Owner of loved but leaky Dame hopes for an angel

ON BOATING

Boating

June 15, 2000|By GILBERT LEWTHWAITE

Being invited to find "epic, tragedy, or farce" in a boating experience was too good an offer to pass up.

So I made my way to Baltimore Yacht Basin, a somewhat run-down facility beneath the Hanover Street bridge, to the Dame Quickly, an equally stressed, wooden boat built in 1956, and her owner, Christopher Chase-Dunn.

Perhaps not surprisingly, he had the cabin sole up and was renewing the wiring to the bilge pumps that keep the 27-foot Pennant-class sloop afloat.

FOR THE RECORD - PLEASE READ MEMO.

"The pumps must be kept working, or she will go down," he confided in his original e-mail message, which attracted me to his Pier C berth.

And there he was, once more trying to keep the pumps pumping and his boat from sinking in its $110-a-month mooring.

Any wooden boat, of course, will take on some water. The critical issues are how much, how fast. By any standard, Dame Quickly is a leaky vessel.

Chase-Dunn is a professor of sociology at Johns Hopkins. When his mind isn't on what's going on below deck, it's on much loftier things. He specializes in macro-sociology, defining and divining forces that shaped ancient societies and drive modern ones.

Rather than clairvoyant, his opinions are considered, and they attract international attention. A Korean television station had just interviewed him about what the new millenium holds in store.

So good is he at what he does, that he has been recruited to be distinguished professor of sociology at the University of Southern California, Riverside, which is 50 miles each of Los Angeles and the sea.

Thus he must leave Baltimore and his labor of love for most of his years here. Trucking her cross-country would cost too much, and even if it were feasible, sailing her would be too time-consuming.

Dame Quickly was built in Long Island as a racer-cruiser with a one-ton steel fin keel. You can recognize the sleekness of her white cedar planks laid on oak frames, and, in her prime, she was a hard-chine, high-tech speedster.

She is powered by the original Graymarine Light Lugger 4 gasoline engine, which starts at the first turn of the key during my visit.

"If you know anything about engines, it's easy to fix when something goes wrong," says Chase-Dunn. "It's pretty reliable. I have done a lot of motoring, and it really moves the boat right along."

Her spruce mast is 36 feet tall with a complex Marconi rig atop involving two ordinary spreaders and a pair of unusual forward spreaders for extra stiffening.

Despite the support, it has broken twice.

The first time a violent thunderstorm ripped out the temporary nails holding down the shrouds while Chase-Dunn worked on the timbers to which the permanent chain-plates were bolted. The mast toppled.

The second time occurred during his initial shake-down cruise, 10 years after he started working on his boat.

With Dame Quickly finally living up to her name, streaming along, her toe rail almost in the water, he went forward to tighten the inner forestay. His shoelace caught a clevis pin through the turnbuckle, releasing one of the shrouds. The mast twisted and broke just above the cabin top.

You can still see the neat "V" formation of the epoxied repair.

Quite significantly, Dame Quickly is equipped with an autohelm, testimony to Chase-Dunn's hours of solo sailing.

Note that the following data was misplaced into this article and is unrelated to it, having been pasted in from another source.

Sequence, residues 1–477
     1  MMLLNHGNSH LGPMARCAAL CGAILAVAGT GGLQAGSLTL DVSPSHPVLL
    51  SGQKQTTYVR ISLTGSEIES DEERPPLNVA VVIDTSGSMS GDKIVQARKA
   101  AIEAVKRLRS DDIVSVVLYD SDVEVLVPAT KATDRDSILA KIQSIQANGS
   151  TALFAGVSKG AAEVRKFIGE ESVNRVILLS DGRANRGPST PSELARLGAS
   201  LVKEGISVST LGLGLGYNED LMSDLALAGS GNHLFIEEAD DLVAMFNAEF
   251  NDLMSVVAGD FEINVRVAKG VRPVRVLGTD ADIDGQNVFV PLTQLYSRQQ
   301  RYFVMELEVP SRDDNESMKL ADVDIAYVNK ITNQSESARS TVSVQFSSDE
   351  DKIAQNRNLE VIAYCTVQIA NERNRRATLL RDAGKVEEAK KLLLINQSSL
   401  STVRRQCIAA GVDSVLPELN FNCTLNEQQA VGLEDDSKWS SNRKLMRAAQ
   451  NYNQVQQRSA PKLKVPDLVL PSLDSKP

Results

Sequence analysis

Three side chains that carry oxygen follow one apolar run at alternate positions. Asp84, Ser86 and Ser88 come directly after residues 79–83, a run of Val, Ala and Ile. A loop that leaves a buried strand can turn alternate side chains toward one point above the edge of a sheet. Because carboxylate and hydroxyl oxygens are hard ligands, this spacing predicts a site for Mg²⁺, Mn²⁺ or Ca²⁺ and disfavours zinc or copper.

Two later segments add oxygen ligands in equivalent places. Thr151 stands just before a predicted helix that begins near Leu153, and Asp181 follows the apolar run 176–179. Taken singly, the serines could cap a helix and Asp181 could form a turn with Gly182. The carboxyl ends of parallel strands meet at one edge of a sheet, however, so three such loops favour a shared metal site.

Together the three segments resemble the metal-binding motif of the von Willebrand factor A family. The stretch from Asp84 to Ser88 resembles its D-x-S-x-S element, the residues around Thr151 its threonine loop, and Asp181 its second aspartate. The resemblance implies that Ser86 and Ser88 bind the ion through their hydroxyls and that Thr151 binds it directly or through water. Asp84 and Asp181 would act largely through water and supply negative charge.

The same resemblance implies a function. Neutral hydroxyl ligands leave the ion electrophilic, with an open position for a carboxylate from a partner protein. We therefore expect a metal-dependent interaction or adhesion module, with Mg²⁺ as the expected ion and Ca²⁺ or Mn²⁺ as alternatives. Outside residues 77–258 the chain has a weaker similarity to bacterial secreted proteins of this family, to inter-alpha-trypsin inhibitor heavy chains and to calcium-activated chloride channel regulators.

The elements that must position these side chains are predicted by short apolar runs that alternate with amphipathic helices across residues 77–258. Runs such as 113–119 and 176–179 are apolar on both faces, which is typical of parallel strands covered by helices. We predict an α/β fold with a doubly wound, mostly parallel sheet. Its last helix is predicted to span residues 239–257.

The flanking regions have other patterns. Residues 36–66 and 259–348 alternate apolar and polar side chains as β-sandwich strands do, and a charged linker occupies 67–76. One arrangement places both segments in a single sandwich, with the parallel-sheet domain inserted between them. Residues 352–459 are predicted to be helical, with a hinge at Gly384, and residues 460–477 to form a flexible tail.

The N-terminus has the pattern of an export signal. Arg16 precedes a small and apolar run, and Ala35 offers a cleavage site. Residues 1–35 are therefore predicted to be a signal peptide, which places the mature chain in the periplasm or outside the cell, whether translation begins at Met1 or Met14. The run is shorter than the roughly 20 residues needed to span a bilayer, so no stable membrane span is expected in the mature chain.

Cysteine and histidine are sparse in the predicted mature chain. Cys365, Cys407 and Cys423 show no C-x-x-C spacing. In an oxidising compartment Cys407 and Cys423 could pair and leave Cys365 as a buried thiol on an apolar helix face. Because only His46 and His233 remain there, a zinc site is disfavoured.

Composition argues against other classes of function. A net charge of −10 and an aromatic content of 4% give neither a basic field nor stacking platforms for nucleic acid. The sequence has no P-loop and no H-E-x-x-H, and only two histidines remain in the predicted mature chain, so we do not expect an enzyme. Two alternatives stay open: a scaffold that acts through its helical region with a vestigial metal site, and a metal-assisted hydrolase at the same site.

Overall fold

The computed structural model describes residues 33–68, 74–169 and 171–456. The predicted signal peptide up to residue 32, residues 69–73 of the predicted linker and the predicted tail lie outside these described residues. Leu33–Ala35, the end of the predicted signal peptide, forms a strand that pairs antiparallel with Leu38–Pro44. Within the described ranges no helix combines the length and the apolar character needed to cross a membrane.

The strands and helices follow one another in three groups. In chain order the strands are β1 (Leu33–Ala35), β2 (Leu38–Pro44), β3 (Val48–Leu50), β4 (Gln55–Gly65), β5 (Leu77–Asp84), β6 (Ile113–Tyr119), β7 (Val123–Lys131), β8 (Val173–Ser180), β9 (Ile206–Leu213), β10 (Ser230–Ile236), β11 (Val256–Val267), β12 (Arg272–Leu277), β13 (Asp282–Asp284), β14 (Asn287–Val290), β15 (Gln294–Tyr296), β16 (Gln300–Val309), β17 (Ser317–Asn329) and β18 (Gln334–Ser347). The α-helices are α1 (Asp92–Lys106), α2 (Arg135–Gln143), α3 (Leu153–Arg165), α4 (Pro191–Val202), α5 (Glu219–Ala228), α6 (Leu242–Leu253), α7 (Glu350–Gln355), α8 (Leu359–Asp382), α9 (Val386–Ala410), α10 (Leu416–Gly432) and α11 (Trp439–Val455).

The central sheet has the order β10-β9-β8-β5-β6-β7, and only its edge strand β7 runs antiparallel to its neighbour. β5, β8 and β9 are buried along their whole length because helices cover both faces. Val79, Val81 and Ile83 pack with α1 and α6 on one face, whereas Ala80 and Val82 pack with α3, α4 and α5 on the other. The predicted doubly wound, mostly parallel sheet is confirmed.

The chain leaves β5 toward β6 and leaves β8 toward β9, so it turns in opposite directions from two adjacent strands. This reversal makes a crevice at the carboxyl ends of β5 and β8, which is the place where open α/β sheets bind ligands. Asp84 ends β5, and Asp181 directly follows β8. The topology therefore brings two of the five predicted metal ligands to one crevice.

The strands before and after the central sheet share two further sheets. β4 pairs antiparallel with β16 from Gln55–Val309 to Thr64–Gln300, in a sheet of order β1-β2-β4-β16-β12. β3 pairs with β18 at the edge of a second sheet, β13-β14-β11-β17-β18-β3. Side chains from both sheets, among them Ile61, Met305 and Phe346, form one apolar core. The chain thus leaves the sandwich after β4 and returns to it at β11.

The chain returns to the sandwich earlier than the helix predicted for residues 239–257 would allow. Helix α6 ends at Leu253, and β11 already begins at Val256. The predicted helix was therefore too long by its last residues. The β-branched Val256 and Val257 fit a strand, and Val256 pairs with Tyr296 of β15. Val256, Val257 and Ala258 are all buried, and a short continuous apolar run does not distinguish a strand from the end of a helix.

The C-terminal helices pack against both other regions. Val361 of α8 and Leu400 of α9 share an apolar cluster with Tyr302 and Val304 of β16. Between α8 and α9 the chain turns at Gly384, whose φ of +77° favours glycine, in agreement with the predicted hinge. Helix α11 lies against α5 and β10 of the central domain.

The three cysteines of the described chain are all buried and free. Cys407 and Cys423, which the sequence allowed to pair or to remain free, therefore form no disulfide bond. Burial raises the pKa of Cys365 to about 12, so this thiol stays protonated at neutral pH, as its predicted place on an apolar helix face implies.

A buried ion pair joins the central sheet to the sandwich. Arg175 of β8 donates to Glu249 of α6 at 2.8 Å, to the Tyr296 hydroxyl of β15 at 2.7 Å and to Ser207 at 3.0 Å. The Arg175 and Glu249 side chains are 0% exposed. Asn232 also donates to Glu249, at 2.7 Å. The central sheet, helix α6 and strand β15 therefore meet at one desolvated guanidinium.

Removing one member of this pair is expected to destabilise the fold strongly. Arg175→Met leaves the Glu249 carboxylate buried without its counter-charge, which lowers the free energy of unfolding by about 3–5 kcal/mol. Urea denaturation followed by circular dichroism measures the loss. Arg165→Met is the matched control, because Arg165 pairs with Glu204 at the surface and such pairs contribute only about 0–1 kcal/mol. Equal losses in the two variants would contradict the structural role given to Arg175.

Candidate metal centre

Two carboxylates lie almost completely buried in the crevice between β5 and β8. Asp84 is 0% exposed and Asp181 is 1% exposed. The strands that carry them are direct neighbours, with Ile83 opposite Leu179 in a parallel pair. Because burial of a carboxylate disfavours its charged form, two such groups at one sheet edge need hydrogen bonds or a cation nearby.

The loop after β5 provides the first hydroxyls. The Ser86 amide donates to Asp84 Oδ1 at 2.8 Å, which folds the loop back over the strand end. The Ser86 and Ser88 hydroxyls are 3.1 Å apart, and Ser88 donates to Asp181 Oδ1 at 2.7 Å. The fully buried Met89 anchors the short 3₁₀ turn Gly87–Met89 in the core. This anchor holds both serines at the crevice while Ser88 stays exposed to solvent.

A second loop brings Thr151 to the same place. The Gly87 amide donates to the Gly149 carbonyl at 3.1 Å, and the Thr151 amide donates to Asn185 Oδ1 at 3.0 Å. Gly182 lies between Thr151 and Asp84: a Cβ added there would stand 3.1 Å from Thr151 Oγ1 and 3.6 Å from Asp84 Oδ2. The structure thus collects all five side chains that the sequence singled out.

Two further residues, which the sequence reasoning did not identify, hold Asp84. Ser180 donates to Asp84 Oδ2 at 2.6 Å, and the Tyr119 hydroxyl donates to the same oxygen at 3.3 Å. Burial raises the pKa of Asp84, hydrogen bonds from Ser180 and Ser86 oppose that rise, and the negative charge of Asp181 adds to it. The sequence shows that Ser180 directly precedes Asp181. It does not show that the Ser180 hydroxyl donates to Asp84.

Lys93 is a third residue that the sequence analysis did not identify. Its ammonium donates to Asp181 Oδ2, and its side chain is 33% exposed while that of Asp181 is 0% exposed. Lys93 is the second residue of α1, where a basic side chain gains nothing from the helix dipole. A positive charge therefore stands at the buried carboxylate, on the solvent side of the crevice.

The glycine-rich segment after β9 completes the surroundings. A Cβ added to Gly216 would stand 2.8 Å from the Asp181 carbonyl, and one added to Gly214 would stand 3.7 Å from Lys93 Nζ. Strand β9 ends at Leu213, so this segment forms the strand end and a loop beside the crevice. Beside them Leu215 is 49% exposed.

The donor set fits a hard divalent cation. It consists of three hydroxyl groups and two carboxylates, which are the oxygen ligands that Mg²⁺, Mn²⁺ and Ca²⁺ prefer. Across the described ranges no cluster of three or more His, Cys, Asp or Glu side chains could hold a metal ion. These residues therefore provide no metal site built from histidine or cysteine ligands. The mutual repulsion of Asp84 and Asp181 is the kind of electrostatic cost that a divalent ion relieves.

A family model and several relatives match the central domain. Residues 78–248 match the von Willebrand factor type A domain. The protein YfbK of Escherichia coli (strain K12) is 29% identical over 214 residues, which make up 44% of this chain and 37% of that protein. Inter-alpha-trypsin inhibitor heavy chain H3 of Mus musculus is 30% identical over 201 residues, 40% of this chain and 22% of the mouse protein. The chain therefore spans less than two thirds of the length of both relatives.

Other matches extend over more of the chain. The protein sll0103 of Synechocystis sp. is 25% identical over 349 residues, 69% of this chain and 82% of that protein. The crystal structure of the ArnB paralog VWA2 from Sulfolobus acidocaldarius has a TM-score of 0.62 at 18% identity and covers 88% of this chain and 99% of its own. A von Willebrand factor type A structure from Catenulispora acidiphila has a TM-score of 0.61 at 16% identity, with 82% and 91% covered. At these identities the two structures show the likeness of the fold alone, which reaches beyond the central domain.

This, in turn, is a reflection of his wife's hesitation to leave the dock in such an aging, creaking craft. Once, when he did prevail on her to venture out with him, the rudder disintegrated, doing little for her confidence and less for her enthusiasm. The boat now has a new rudder.

With something bordering on maritime braggadacio, Chase-Dunn has equipped her with a Plastimo racing compass. But he is the first to acknowledge that on the rare occasions he has entered a race, he has followed a clear trail of wakes to the finish line.

He has renewed most of the underwater timbers. Holding her together today are new fasteners, new ribs, and some new keel boats. The renovation, he says, is thorough - but not complete.

It enabled him, in 1996, to complete a 600-mile counter-clockwise circumnavigation of the Delmarva Peninsula. He undertook that venture for reasons he gave in a subsequent account as having a good time, avoiding drowning, avoiding major damage to the boat or its loss at sea, toying with mortality and reason, and being able to say "`We did it."

"What it is, is it's a classic," he says. "If I were going to stay here, I would keep it forever. I love this boat. I have spent so much time on her. I enjoy working on the boat, and I enjoy working with wood.

"If there's somebody around who appreciates that, it would be a great thing for them. It would have to be somebody who likes old things. There are a lot of that sort in New England, but there are not too many around here."

He has offered Dame Quickly to the Living Classrooms Foundation and is thinking of approaching the Chesapeake Bay Maritime Museum in St. Michael's, but no takers yet.

"It's an antique in the sense that there are very few like it around," he says, adding that he has searched the Web without finding a sister boat. "At one time, there were lots of them."

Certainly, in Chase-Dunn's relationship with Dame Quickly you can find all the elements of the promised mixture of "epic, tragedy, or farce."

What would please him most would be finding someone to continue his labor of love.

"Most of the heavy lifting already has been done. There are no guarantees, because it's an old boat," he says. "The bottom line for me is someone who will guarantee it won't sink in a year. It has to be a plausible promise."

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